french countryside and coast

Driving in France

Driving in France is surely the best way to see the largest country in Western Europe. Whether you see yourself driving along a glamorous corniche road on the French Riviera, navigating snowy mountain passes in the Alps, or pulling into a road-side picnic area and working through a baguette and a Camembert, France offers a unique and diverse driving experience.

If it’s your first time hiring a car in the country, there are a few differences you should be aware of. This guide will tell you all you need to know before setting off in your hire car in France.

Roads in France

Most places are well connected and the privately-owned autoroutes are tolled and therefore generally less busy than our motorways. So take your time and enjoy the scenery.

Here’s an overview of the roads in France:


The majority of autoroutes are tolled and privately-owned. Autoroutes are numbered with the prefix A (e.g. A23). The road signs illustrating direction and distance are blue with white writing, and the road number written in white in a red box on the sign.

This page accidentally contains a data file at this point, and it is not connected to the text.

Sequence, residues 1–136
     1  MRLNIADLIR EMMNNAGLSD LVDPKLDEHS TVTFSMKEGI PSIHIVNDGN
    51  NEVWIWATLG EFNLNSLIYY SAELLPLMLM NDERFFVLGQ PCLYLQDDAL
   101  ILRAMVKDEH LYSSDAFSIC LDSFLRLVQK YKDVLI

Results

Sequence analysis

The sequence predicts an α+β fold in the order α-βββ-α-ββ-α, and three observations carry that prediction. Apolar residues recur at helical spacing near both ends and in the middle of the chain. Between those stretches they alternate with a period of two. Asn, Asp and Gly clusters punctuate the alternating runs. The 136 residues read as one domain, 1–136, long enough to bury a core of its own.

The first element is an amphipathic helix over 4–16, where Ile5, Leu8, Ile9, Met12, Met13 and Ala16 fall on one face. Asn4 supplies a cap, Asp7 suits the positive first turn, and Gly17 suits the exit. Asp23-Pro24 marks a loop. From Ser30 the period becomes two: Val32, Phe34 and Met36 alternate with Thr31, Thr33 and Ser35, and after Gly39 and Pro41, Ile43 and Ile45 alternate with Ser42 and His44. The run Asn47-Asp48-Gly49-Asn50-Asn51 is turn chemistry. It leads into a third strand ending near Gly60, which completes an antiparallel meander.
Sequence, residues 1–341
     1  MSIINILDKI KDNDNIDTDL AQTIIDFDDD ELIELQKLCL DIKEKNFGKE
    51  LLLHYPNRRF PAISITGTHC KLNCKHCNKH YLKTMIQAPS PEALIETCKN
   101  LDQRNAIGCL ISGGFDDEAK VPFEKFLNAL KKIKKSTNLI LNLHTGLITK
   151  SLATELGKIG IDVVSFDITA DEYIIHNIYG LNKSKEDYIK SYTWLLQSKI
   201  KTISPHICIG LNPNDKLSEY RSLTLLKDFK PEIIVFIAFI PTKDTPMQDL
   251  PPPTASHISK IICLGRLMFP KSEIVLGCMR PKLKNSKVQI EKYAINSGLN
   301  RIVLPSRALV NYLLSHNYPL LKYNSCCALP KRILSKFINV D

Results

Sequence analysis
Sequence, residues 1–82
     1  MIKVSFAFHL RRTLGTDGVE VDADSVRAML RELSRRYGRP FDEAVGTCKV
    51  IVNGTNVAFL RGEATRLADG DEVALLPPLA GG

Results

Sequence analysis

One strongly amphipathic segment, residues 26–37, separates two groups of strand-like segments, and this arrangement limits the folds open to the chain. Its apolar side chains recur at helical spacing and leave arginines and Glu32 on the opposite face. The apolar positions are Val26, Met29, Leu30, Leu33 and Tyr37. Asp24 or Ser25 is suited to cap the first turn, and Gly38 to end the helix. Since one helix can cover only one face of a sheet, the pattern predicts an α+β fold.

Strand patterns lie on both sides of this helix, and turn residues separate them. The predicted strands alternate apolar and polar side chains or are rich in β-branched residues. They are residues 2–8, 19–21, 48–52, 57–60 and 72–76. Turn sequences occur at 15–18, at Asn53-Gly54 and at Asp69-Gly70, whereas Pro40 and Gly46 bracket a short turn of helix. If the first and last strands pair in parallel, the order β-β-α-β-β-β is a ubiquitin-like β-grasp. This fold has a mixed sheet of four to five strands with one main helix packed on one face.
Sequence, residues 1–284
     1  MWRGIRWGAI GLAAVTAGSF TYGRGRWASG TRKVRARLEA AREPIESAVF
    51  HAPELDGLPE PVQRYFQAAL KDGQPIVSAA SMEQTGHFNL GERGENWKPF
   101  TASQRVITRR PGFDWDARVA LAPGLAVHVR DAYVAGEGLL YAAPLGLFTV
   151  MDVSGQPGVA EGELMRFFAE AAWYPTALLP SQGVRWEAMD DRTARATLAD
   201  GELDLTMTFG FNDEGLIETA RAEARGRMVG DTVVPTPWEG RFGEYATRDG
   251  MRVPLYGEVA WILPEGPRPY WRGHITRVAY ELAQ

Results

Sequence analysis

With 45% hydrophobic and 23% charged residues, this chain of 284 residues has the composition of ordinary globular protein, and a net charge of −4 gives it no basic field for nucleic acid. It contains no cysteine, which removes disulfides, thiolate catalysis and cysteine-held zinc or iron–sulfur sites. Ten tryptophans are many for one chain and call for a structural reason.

Routes Nationales

These roads are usually dual carriageways. As they are not tolled, people often choose to drive on them instead of taking the autoroute, so they tend to be busier than you might expect. The road signs are green with white writing and they are numbered with an ‘N’ prefix (e.g. N84), with white writing in a red box.

Routes Départmentales

These roads are managed by France’s ‘départments’. For the purposes of driving, they are all but identical to Routes Nationales, except they are differentiated by a ‘D’ prefix, or sometimes RD (e.g. D12 or RD34), in black writing on a yellow background.

Routes Communales